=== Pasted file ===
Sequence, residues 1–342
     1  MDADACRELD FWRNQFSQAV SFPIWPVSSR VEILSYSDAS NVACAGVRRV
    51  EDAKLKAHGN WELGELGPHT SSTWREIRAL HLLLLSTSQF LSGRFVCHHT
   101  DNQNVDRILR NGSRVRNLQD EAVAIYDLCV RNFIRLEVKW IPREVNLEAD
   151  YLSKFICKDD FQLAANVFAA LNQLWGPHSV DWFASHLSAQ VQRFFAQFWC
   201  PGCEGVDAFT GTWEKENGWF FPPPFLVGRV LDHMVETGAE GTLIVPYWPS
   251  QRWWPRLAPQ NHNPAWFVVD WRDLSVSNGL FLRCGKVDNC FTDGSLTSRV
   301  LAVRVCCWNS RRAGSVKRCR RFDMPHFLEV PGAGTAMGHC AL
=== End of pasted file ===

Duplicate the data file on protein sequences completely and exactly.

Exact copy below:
Sequence, residues 1–342
     1  MDADACRELD FWRNQFSQAV SFPIWPVSSR VEILSYSDAS NVACAGVRRV
    51  EDAKLKAHGN WELGELGPHT SSTWREIRAL HLLLLSTSQF LSGRFVCHHT
   101  DNQNVDRILR NGSRVRNLQD EAVAIYDLCV RNFIRLEVKW IPREVNLEAD
   151  YLSKFICKDD FQLAANVFAA LNQLWGPHSV DWFASHLSAQ VQRFFAQFWC
   201  PGCEGVDAFT GTWEKENGWF FPPPFLVGRV LDHMVETGAE GTLIVPYWPS
   251  QRWWPRLAPQ NHNPAWFVVD WRDLSVSNGL FLRCGKVDNC FTDGSLTSRV
   301  LAVRVCCWNS RRAGSVKRCR RFDMPHFLEV PGAGTAMGHC AL